TALLAHASSEE — President Donald Trump plans to travel to Kennedy Space Center in Florida Wednesday to witness the launch of the first Americans into space in nearly a decade, a White House official said Friday.
Two NASA astronauts will travel aboard the SpaceX Crew Dragon spacecraft, owned by tech billionaire Elon Musk, who leads SpaceX and co-founded the electric-car company Tesla.
Trump was urged to attend next week’s launch by Rep. Michael Waltz, a Republican from northeast Florida whose district includes the northern tip of Cape Canaveral but not the actual launch site. Waltz, in an interview Friday, said Trump got “fired up” when the two men discussed the importance of the event to the evolution of the U.S. space program.
“With everything going on, the relaunch of America, the relaunch of our economy, the relaunch of Florida, the symbolism I think is really exciting,” said Waltz, who plans to fly aboard Air Force One from Washington with Trump for the event.
Trump resumed traveling about three weeks ago after spending nearly two months at the White House during the coronavius outbreak. It will be his first trip not related to the pandemic. Vice President Mike Pence will also attend, his office said Friday. The White House official who confirmed Trump's attendance spoke on condition of anonymity to discuss the trip that has not yet been announced.
The launch will mark the first time NASA will send astronauts into orbit aboard a spacecraft built by a private company. The president has heaped lavish praise on SpaceX's owner in the past, calling Musk as “one of our great geniuses” and comparing him to inventor Thomas Edison. Musk in recent weeks on Twitter has chafed at coronavirus-related shutdowns. Last week, he reopened Tesla's factory in Fremont, Calif., against local rules. Trump praised the move.
This is the second high-profile event this year that Waltz has encouraged Trump to attend in his newly adopted home state. Waltz also encouraged the president to come to the Daytona 500 in February. “NASCAR and NASA — this is what we do, this is who we are, it’s in our DNA,” Waltz said in the interview.
Waltz said it makes sense for Trump to attend the launch since he has pushed for a renewed focus on space exploration, including the creation of the Space Force.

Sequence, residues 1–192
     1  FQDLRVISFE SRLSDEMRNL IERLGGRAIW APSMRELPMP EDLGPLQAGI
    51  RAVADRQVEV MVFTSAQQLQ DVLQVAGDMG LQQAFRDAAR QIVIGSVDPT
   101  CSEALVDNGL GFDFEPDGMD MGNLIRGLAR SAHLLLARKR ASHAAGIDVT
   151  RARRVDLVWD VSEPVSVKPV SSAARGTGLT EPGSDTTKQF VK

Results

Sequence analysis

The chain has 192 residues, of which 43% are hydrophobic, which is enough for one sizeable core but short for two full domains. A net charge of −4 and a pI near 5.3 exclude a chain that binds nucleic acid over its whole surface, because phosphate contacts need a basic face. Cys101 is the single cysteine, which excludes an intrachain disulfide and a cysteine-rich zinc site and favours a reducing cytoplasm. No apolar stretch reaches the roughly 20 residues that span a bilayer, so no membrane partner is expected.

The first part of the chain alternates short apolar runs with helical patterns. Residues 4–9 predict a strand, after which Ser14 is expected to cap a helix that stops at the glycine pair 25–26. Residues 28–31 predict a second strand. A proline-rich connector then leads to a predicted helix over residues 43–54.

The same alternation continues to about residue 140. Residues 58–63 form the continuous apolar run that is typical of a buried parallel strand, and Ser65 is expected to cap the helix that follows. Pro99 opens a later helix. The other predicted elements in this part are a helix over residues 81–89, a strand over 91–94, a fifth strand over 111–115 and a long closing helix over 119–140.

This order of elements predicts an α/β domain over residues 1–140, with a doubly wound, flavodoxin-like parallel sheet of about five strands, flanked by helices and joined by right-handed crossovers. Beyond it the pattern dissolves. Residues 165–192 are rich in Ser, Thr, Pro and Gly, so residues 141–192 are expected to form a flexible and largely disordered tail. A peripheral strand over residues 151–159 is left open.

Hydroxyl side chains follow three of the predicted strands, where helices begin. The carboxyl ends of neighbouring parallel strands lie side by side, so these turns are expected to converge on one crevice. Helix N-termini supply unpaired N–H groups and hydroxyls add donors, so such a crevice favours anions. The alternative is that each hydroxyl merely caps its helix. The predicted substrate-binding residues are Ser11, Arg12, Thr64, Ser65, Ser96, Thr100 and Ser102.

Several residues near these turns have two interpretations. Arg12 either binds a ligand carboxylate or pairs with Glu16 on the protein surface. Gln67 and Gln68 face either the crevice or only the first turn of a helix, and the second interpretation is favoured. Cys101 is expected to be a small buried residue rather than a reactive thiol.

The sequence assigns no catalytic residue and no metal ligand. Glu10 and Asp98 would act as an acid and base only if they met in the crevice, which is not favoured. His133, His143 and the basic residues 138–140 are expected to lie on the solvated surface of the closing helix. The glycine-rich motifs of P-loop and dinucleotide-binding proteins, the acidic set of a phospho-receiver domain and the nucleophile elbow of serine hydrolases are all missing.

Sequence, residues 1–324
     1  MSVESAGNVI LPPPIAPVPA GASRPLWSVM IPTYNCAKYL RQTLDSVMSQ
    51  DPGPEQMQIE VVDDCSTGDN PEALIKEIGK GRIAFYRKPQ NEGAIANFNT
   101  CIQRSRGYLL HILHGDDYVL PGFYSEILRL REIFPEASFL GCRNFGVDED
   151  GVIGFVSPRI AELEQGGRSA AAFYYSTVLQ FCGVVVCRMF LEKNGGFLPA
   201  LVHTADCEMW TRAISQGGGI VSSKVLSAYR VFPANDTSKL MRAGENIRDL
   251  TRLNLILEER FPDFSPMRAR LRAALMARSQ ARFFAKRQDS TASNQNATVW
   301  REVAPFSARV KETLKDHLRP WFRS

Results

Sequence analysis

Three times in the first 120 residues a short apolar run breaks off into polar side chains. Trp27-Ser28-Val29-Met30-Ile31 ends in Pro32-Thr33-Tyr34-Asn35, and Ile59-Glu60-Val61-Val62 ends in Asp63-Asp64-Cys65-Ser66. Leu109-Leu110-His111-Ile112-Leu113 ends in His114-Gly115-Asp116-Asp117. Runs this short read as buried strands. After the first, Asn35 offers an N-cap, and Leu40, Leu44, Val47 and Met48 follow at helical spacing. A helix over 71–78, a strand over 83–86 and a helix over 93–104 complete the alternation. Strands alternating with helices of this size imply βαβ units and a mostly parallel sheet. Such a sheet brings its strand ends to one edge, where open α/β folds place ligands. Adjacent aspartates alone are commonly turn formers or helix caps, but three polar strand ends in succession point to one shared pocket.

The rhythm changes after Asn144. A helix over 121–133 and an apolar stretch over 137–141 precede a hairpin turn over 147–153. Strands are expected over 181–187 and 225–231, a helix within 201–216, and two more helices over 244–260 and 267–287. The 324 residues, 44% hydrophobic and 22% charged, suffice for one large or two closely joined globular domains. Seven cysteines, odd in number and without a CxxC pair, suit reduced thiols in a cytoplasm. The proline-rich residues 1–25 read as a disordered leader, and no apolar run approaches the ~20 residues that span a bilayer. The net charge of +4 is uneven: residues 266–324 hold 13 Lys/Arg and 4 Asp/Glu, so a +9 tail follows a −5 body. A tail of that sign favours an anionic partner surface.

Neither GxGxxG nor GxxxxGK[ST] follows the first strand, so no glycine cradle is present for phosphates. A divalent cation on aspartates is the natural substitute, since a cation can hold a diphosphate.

“He appreciates it for how important it for Florida’s economy, how important it is for the country,” said Waltz, who noted that since 2011 Americans have had to leave for space from Russia. He said Trump called it “ridiculous” that the United States has not been able to launch spacecraft from American soil and vowed “never again.”
“I don’t think many Americans realize that we have to ‘Mother may I’ to the Russians for the last decade to get our astronauts into space,” Waltz said.
Trump’s visit comes just months before he is counting on winning in Florida to help with reelection strategy. He kicked off his reelection campaign in Florida, a state he narrowly won by nearly 113,00 votes over Hillary Clinton four years ago.
Trump joked with reporters at the White House earlier this week that he would attend the launch. “I’m thinking about going, and that’ll be next week, to the rocket launch,” he said. “I hope you’re all going to join me. I’d like to put you on the rocket, get rid of you for a while."
Pence, who previously announced his trip to Florida, will also attend. It will be his second trip to Florida in a week after visiting with Florida Gov. Ron DeSantis Thursday to tout the reopening of the state amid the pandemic.
“It’s great to be in Florida because I’m going to be back in a week, because not too far from here, for the first time in almost 10 years, we’re going to send American astronauts back to space in American rockets from Kennedy Space,” Pence said.
“He’s been a great advocate for the space industry, in terms of NASA and also the private sector,” DeSantis responded. “That’s been a huge driver here in the state of Florida. They continue to do good things even through this pandemic and will continue going forward."